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Ride of the Week

Harley-Davidson “Divorster”

Car, truck and motorcycle owners often attribute names to their vehicles, creating a bond between the two and giving the vehicle a great deal of personality. As such, we knew we had to hear the story behind the name “Divorster,” a motorcycle that was displayed at Fuel Cleveland last year. We weren’t expecting it to be a pretty tale.

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The motorcycle is owned by Randy Noldge, the event organizer of Cycle Showcase St. Louis. The motorcycle show is in its seventh year and features a variety of custom-built motorcycles along with everyone from racers to long-distance touring riders to historical restoration buffs and hand-built motorcycle designers. Suffice to say, Noldge has a great respect for various motorcycle sub-cultures and the art of motorcycle building.

Thankfully, the name of Noldge’s Harley-Davidson Sportster wasn’t born from a traumatic moment in his personal life. Rather, it derives from the fact that he removed the original transmission from the bike, “divorcing” the transmission and engine.

“The bike was kind of gifted to me by a friend who inherited it from a crackhead, literally,” Noldge disclosed. “He didn’t know what to do with it, so I ended up with it and it sat around in my garage for six months before anything happened to it.”

Noldge’s friend Woody from the custom motorcycle duo Shortsters gave him the idea to cut out the transmission while they were at the Sturgis Motorcycle Rally. With intentions to make a drag bike, the two conceded that the Sportster platform’s transmission was the weak link in a high-performance build.

Noldge traveled to Shortsters in Nebraska and used the shop’s custom kit to make the conversion, which he says is fairly easy and can be done by enthusiasts in the garage. After the stock transmission was removed, Noldge installed a heftier one along with other performance upgrades.

“We cut out the transmission and in doing so, we dug into the motor and found out it was a high-performance motor, so we eliminated some of the problems that come along with the Sportster platform. We put a big twin, four-speed transmission behind it and a custom belt-drive setup.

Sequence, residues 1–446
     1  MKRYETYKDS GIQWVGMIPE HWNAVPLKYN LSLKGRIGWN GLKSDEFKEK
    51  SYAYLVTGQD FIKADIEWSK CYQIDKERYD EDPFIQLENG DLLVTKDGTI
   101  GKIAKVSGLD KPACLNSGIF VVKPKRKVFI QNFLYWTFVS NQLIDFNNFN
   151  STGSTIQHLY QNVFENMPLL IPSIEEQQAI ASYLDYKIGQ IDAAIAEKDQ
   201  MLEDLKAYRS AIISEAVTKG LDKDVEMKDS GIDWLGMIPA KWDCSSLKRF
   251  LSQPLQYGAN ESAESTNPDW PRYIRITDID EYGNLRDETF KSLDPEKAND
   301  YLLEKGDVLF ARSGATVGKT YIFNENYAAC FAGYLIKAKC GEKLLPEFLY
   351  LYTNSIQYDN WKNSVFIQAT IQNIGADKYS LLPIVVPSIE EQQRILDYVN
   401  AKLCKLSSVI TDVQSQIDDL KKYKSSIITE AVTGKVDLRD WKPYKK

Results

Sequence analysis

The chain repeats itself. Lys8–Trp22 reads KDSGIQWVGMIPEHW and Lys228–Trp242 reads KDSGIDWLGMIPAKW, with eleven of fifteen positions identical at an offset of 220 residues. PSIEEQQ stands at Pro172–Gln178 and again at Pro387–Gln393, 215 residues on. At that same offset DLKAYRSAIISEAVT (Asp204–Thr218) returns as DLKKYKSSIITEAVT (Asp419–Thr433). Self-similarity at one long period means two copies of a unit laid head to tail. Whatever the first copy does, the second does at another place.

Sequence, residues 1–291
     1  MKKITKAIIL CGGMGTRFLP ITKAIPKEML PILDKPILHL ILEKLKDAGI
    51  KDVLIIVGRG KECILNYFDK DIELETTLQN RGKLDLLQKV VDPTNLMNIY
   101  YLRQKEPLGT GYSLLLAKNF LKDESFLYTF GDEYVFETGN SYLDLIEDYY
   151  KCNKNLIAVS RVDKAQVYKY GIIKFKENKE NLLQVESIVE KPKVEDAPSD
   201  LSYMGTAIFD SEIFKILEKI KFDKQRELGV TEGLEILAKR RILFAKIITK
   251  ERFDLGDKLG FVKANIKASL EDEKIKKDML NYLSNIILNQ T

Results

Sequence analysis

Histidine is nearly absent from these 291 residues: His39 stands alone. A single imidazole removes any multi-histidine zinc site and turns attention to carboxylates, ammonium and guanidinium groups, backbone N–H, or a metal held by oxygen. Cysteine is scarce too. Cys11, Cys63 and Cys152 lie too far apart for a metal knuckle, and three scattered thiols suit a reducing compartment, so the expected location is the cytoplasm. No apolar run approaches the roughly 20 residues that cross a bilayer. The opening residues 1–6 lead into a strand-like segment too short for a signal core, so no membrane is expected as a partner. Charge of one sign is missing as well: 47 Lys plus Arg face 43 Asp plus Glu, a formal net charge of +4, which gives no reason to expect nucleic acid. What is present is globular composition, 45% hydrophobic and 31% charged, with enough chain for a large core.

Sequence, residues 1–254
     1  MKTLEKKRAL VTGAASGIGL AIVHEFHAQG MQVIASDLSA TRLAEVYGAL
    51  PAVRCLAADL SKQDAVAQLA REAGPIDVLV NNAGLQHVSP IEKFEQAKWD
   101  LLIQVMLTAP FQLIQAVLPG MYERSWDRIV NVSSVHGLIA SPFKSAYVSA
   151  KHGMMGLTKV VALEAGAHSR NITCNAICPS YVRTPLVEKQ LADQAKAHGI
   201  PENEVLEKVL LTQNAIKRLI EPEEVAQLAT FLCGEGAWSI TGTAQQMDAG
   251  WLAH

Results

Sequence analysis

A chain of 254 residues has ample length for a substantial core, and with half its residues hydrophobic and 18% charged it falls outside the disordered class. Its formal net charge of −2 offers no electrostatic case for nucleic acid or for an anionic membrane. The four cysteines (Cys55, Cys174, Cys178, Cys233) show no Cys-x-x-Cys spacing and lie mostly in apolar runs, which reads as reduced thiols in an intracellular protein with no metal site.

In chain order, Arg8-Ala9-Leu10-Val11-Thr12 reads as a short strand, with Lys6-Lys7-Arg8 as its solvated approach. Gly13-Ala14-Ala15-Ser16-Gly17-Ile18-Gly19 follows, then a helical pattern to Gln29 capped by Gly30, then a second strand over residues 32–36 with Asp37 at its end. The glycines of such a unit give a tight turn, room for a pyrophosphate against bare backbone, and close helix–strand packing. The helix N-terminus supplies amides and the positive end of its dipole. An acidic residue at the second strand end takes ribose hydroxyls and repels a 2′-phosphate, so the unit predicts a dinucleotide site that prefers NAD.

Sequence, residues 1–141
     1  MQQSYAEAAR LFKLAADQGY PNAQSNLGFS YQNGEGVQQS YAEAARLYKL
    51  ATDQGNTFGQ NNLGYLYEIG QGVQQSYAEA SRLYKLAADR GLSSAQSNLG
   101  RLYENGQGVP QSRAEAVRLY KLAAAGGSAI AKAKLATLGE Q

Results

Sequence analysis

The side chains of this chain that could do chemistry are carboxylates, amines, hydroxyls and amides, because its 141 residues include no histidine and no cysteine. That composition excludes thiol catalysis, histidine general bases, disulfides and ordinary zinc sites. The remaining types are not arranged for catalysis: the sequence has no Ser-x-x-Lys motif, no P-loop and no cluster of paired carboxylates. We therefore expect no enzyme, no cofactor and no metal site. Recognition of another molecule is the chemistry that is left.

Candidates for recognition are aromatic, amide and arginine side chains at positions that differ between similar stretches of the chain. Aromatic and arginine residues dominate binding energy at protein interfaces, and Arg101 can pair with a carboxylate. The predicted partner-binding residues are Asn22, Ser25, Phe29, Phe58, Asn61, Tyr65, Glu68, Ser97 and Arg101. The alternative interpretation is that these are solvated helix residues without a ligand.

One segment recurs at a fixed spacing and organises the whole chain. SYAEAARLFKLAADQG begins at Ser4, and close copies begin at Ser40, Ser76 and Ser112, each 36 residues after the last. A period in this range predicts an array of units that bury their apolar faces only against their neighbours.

“The frame had already been goose-necked, and the previous owner had put a car battery in front because a motorcycle battery would not start it since it was such a big, high-compression motor. It’s 12.5:1 compression now, and it’s 96 cubic inches in this platform.”

The motorcycle was largely a collaborative effort, with work being done from a few different shops. The engine was reassembled by Carl Pusser of Walking Tall Cycles and Nightfall Customs handled a lot of the cosmetic and metal work on the bike, including tabs and brackets for the wheely bars, struts, the fender, and the front wing.

Fuel Cleveland was only the second time the bike had been taken out to show, and Noldge plans to finish running the bike “through its paces” soon.

“I’m a big guy, so I have no plans to race this, but my friend Nick from Nightfall is shorter in stature, and he wants to run the hell out of this thing,” he says. “All I want to do is go do some smokey burnouts. Bikes kind of build themselves, and this has been a great, fun project we worked on last year.”

If you’re anything like us, you can’t wait to see this drag bike roar down a track!

If you have a motorcycle, ATV, UTV, snowmobile or jet ski you’d like to feature in MPN’s Ride of the Week series, sponsored by CanDo International, please email MPN Content Director Greg Jones at [email protected]

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